I will admit that I had trouble getting into Miss Peregrine’s Home for Peculiar Children when I first checked it out from the library a couple of years ago. It just didn’t hold my interest, and then it had to go back. Too many books, not enough time. A couple of months ago, we found the graphic novel version of Miss Peregrine’s Home, and that was a much better experience. When I saw the audiobook version of the sequel- Hollow City– at the library, I picked it up. Please note: if you have not yet read Miss Peregrine’s Home, this review contains information that might be considered spoilers for that book. There are no spoilers for Hollow City. You really need to read Miss Peregrine’s Home before reading Hollow City. The Kindle version is currently on sale for $5.28, and is really worth picking up. Read more
I found The Dark at my town library. I hadn’t heard anything about it, but how could I pass up a picture book written by Lemony Snicket and illustrated by Jon Klassen? I’ll admit that I never read the entire Unfortunate Events series, but Snicket’s The Latke Who Couldn’t Stop Screaming is a favorite holiday story of mine, and I think I Want My Hat Back is a modern classic.
The Dark is a story about Laszlo, a little boy who is afraid of the dark. They mostly keep away from each other, and the dark stays in the basement. But when Laszlo’s nightlight goes out, the dark comes to visit. The dark talks to him, and guides him into the basement. Laszlo learns that he doesn’t have to be afraid of the dark. Read more
As I attempted to prioritize my reading list by selecting the books that were due back to the library the soonest, I realized that I had two similar titles. The Chosen One and The 19th Wife had similar covers: both featured a single braid of hair, and both books centered around polygamist families. It was hard to choose which book to read first, but I started with The Chosen One.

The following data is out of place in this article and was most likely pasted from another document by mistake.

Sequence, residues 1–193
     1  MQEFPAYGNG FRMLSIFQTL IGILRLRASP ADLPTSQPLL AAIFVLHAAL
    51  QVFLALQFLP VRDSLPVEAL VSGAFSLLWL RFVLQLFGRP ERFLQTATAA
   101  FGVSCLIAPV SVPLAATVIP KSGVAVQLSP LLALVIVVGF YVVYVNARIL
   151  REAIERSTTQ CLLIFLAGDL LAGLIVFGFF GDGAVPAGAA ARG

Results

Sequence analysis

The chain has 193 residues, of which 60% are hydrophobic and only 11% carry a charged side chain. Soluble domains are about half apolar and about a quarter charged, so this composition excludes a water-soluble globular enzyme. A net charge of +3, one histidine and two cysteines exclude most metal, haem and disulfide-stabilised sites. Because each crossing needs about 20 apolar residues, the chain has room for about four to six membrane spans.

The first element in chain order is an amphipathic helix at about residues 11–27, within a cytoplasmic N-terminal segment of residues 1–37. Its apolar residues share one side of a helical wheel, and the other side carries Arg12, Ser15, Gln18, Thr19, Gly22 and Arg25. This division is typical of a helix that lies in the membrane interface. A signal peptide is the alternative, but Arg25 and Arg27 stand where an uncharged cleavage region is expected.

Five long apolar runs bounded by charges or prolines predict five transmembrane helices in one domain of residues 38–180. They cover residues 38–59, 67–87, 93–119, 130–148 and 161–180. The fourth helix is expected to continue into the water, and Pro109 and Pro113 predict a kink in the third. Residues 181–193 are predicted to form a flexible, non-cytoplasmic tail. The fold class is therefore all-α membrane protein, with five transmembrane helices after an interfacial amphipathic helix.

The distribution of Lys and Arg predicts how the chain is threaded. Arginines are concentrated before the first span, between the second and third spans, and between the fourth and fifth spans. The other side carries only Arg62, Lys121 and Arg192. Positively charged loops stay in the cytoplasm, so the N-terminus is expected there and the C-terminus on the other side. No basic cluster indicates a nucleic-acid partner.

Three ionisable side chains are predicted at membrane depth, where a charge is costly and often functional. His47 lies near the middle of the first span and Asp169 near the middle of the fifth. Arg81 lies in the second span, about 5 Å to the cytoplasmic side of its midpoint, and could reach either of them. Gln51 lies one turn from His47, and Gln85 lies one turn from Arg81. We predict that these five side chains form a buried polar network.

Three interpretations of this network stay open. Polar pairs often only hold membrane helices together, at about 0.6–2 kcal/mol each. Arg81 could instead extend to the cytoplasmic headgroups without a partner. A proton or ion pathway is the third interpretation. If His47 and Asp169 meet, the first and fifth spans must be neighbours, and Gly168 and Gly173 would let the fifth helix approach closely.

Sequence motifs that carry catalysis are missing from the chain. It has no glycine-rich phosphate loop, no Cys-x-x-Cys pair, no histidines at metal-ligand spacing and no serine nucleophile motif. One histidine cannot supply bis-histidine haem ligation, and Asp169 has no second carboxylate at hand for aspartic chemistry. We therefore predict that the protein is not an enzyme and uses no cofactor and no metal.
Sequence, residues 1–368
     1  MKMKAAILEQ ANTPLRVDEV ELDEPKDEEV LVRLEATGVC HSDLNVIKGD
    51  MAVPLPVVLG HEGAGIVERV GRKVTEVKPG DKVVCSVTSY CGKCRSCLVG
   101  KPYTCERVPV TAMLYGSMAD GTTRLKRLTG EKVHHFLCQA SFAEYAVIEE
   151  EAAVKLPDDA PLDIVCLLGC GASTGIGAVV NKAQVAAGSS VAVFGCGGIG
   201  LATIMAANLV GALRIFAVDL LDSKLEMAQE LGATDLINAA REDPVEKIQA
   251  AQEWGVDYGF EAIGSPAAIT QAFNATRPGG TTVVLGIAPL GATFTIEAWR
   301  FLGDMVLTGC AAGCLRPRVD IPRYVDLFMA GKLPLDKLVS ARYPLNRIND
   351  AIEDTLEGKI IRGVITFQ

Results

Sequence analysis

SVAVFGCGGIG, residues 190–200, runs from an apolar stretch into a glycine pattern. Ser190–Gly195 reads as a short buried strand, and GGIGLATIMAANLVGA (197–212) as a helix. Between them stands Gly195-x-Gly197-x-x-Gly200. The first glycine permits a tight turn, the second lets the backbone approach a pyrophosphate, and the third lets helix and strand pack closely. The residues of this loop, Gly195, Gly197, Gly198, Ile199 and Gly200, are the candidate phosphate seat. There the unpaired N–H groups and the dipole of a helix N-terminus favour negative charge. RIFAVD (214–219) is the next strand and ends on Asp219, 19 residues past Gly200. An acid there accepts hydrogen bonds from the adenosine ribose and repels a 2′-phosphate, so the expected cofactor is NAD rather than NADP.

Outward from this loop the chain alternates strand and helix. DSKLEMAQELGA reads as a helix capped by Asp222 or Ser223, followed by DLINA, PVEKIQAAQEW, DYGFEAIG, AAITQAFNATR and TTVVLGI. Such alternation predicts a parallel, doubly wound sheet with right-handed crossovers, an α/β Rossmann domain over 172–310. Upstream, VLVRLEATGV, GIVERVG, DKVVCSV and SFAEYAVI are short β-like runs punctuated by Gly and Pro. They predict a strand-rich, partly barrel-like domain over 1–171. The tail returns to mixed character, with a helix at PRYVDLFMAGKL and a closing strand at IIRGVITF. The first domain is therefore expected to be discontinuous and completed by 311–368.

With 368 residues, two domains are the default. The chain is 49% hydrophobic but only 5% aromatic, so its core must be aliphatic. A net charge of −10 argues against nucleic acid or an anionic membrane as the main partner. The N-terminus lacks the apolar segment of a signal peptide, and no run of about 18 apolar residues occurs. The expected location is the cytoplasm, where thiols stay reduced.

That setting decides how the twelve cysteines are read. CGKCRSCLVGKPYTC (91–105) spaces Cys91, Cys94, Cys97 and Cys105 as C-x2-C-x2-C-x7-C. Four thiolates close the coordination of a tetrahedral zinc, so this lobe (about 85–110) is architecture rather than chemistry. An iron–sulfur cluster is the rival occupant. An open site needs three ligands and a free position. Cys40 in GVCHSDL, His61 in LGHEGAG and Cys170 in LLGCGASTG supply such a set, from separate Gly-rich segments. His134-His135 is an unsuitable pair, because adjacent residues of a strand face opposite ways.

The Chosen One was written by Carol Lynch Williams. This is the story of Kyra, a young girl living in an isolated polygamist community. Kyra is a fascinating protagonist, and once I started reading, I could not stop until I found out what happened to her. Read more
I don’t remember how I first heard about Fallen Beauty. Usually I have a good memory when it comes to books, and I can remember whether a book was recommended on Amazon or if I read a book review in Entertainment Weekly. But I’m just drawing a blank when it comes to Fallen Beauty. Nevertheless, it was in my library pile, and its due date was quickly approaching, so I put it at the top of my to-read pile.
Fallen Beauty is a work of historical fiction written by Erika Robuck. This is her fourth novel, and her third to feature prominent 20th century American literary figures. I actually have her Call Me Zelda on my Kindle. I do believe that it was a Kindle deal of the day. No, I don’t think that there is a correlation between the Kindle deal and finding out about Fallen Beauty. Read more
I have a great deal of love for my town library. They have a great selection of books, and they even have a large selection of books for sale for $1 apiece. Children’s books are 4 for $1! I have found tons of great books at the library. It’s hard to say no to cheap books. If there is anything that I cannot find, I can order them through the library network and they are delivered right to my town library. However, if there is something I see at a library in a nearby town, I will drive over and pick it up myself. Not only does this save resources, it also allows me to get the book I want instantly!
One of the libraries in a nearby town is very small. It shares a building with the police station and the town hall. Despite its small size, this library has been a treasure trove of amazing books. I came for a specific book, but then I found so many wonderful books that I didn’t know I needed.